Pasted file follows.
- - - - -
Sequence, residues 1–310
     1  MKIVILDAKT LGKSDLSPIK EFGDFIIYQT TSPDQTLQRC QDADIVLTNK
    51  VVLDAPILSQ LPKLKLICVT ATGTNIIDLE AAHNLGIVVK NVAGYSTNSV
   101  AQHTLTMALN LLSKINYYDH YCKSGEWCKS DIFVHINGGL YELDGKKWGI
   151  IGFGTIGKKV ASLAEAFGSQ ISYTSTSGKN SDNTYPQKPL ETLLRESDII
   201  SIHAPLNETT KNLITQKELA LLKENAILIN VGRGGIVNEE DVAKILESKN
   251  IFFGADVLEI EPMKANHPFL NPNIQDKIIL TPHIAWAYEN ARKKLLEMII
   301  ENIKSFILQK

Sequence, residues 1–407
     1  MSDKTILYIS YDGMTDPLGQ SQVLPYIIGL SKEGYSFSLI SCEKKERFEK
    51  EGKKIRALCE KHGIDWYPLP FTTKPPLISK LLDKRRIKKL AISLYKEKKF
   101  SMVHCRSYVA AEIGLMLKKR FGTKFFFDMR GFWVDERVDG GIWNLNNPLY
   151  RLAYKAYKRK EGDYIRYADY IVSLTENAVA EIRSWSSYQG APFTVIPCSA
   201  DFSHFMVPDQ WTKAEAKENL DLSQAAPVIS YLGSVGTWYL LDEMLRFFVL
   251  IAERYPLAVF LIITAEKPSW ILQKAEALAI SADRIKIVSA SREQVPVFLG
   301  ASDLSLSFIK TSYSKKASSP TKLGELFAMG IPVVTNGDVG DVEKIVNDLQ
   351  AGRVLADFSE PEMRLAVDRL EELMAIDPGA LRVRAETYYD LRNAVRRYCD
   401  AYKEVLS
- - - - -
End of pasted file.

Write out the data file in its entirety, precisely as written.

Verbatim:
Sequence, residues 1–310
     1  MKIVILDAKT LGKSDLSPIK EFGDFIIYQT TSPDQTLQRC QDADIVLTNK
    51  VVLDAPILSQ LPKLKLICVT ATGTNIIDLE AAHNLGIVVK NVAGYSTNSV
   101  AQHTLTMALN LLSKINYYDH YCKSGEWCKS DIFVHINGGL YELDGKKWGI
   151  IGFGTIGKKV ASLAEAFGSQ ISYTSTSGKN SDNTYPQKPL ETLLRESDII
   201  SIHAPLNETT KNLITQKELA LLKENAILIN VGRGGIVNEE DVAKILESKN
   251  IFFGADVLEI EPMKANHPFL NPNIQDKIIL TPHIAWAYEN ARKKLLEMII
   301  ENIKSFILQK

Sequence, residues 1–407
     1  MSDKTILYIS YDGMTDPLGQ SQVLPYIIGL SKEGYSFSLI SCEKKERFEK
    51  EGKKIRALCE KHGIDWYPLP FTTKPPLISK LLDKRRIKKL AISLYKEKKF
   101  SMVHCRSYVA AEIGLMLKKR FGTKFFFDMR GFWVDERVDG GIWNLNNPLY
   151  RLAYKAYKRK EGDYIRYADY IVSLTENAVA EIRSWSSYQG APFTVIPCSA
   201  DFSHFMVPDQ WTKAEAKENL DLSQAAPVIS YLGSVGTWYL LDEMLRFFVL
   251  IAERYPLAVF LIITAEKPSW ILQKAEALAI SADRIKIVSA SREQVPVFLG
   301  ASDLSLSFIK TSYSKKASSP TKLGELFAMG IPVVTNGDVG DVEKIVNDLQ
   351  AGRVLADFSE PEMRLAVDRL EELMAIDPGA LRVRAETYYD LRNAVRRYCD
   401  AYKEVLS